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Project Plan: What It Is and 6 Steps to Create One

Need to write an effective project plan? Follow these six steps and include these eight elements for foolproof success.

By Mara Calvello  •   January 25, 2024  •   7 min read

Drafting a project plan may seem like a daunting task, but it doesn’t have to be! Since having a plan is a crucial project management step, skipping a project plan or rushing through the various steps for creating one will put your project’s success in jeopardy before it even crosses the start line.

Thankfully, Fellow has you covered with this comprehensive guide for creating a project plan.

What is a project plan?

A project plan is a detailed document that consists of a roadmap outlining the tasks, timing, effort, and resources needed to meet a specific project goal, outcome, or scope. 

This document should answer questions like:

  • Who is on the project team?
  • What is everyone’s role?
  • What are the major deliverables for the project?
  • When are the key milestones that cannot be missed?
  • Which stakeholders need to provide feedback on important deliverables?

Whether this information is compiled within a Gantt chart or project management tools, project planning must be thorough and communicate information in a straightforward way so nothing falls through the cracks. 

Plan and prioritize, get more done

Keep the momentum going after your meeting is over. With Fellow, you can assign, visualize, and prioritize all your meeting to-dos in one place and sync them across your workflow.

Importance of a project plan

When done right, project planning can lead to many benefits. If you’re new to project management, let’s explore why it’s so essential for any organization.

For starters, a project plan is the foundation of the entire project. Without one, teams are more likely to miss key details—and deadlines—throughout the overall project management process. If teams try to move forward without outlining clear goals and objectives, tasks will become unorganized, team members will become frustrated, and you could experience scope creep.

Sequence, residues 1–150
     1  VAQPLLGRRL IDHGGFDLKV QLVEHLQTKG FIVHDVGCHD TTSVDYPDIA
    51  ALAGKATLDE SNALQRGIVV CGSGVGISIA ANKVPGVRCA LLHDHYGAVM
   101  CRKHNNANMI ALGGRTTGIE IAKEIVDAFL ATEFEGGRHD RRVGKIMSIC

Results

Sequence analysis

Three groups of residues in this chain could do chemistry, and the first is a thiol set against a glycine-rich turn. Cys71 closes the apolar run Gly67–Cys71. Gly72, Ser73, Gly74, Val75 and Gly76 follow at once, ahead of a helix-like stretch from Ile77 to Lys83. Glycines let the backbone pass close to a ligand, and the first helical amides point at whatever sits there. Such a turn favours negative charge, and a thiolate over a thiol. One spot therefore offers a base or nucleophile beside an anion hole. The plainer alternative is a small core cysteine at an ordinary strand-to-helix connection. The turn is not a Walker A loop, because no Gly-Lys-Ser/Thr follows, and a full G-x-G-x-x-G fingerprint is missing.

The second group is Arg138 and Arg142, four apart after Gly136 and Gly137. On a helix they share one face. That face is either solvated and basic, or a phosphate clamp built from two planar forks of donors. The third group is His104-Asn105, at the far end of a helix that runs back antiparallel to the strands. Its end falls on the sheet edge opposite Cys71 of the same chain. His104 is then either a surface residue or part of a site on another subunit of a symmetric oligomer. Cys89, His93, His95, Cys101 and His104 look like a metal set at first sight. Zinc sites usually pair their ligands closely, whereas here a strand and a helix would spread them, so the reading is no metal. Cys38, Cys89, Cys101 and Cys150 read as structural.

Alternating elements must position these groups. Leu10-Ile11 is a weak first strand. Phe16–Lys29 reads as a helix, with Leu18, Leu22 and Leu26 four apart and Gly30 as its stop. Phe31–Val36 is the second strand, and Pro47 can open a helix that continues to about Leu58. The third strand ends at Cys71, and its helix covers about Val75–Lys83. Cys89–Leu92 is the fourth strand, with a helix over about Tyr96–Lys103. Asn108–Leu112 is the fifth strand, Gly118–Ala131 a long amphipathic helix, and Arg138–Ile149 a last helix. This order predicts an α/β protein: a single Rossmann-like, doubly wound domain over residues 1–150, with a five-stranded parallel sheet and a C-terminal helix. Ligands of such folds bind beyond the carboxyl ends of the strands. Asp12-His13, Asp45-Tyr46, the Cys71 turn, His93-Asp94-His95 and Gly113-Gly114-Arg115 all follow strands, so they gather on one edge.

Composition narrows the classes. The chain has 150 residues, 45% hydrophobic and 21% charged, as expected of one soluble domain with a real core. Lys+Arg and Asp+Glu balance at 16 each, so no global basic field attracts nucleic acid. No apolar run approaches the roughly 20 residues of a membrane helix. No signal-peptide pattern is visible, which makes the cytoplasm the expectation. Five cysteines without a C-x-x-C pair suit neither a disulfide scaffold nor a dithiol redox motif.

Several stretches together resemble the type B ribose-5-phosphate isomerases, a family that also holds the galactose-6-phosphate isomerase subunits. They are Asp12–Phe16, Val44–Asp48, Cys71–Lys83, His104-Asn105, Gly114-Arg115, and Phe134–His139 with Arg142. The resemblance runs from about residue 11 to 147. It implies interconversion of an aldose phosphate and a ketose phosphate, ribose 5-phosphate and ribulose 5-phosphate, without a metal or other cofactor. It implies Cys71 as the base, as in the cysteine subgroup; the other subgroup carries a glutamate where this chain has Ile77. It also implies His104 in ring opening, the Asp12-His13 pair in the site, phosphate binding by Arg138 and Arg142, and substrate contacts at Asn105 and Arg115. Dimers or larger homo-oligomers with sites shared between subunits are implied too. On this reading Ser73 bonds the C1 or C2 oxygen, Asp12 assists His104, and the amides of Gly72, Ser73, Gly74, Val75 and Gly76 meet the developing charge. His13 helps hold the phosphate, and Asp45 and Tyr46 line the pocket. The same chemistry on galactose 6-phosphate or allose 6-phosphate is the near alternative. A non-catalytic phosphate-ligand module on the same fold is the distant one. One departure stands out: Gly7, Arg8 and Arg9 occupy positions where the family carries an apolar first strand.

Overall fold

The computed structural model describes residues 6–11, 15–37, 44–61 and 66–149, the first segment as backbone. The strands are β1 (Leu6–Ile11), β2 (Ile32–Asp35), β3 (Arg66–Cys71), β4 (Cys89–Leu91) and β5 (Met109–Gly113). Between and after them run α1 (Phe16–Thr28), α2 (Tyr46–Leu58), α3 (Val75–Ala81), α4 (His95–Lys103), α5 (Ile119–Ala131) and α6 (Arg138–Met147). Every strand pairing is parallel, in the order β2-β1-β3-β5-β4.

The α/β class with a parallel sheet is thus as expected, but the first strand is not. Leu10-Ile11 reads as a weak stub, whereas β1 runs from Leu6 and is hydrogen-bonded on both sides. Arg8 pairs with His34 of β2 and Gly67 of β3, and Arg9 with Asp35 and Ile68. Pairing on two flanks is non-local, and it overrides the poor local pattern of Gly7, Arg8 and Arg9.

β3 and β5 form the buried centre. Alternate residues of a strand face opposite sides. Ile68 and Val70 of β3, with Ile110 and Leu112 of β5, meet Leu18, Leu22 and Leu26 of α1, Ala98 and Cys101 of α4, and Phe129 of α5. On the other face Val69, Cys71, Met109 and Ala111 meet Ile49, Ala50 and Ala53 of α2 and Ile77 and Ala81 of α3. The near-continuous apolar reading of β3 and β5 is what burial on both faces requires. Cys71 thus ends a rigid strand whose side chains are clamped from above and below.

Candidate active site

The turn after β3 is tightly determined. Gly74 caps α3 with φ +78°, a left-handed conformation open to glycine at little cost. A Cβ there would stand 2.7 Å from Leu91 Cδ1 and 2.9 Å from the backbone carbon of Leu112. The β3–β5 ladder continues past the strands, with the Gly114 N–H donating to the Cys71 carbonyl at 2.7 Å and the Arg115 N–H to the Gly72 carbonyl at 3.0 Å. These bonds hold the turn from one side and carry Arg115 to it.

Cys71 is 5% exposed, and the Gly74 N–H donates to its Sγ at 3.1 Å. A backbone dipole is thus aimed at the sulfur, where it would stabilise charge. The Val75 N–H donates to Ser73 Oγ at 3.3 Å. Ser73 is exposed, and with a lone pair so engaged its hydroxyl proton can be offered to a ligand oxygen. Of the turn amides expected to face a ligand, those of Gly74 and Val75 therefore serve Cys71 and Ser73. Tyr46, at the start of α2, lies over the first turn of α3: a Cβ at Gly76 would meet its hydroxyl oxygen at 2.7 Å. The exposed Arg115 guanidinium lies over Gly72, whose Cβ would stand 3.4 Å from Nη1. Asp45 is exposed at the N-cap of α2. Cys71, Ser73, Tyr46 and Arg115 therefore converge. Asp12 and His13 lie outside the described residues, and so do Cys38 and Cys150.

A clear project plan is essentially the map that guides the project team, holding everyone accountable for their specific tasks. It also helps the project manager forecast potential challenges along the way, check that the team has all the necessary resources, and keep the project on track for all deadlines.

Key elements of a project plan 

Ready to start creating a project plan? Keep these key elements in mind as you create a project plan outline for your team. 

These may include, but are not limited to:

1Project overview

The first must-have element of a project plan is the overview. This is a summary of the project and includes details outlining its purpose, goals, deliverables, necessary resources, and key stakeholders.

2Project schedule

Next is the project schedule, which will ensure the project team stays on track. This should include a timeline for when each task is to be completed so everyone knows what area of the project is up next and when specific action items need to be crossed off the project to-do list.

3Scope statement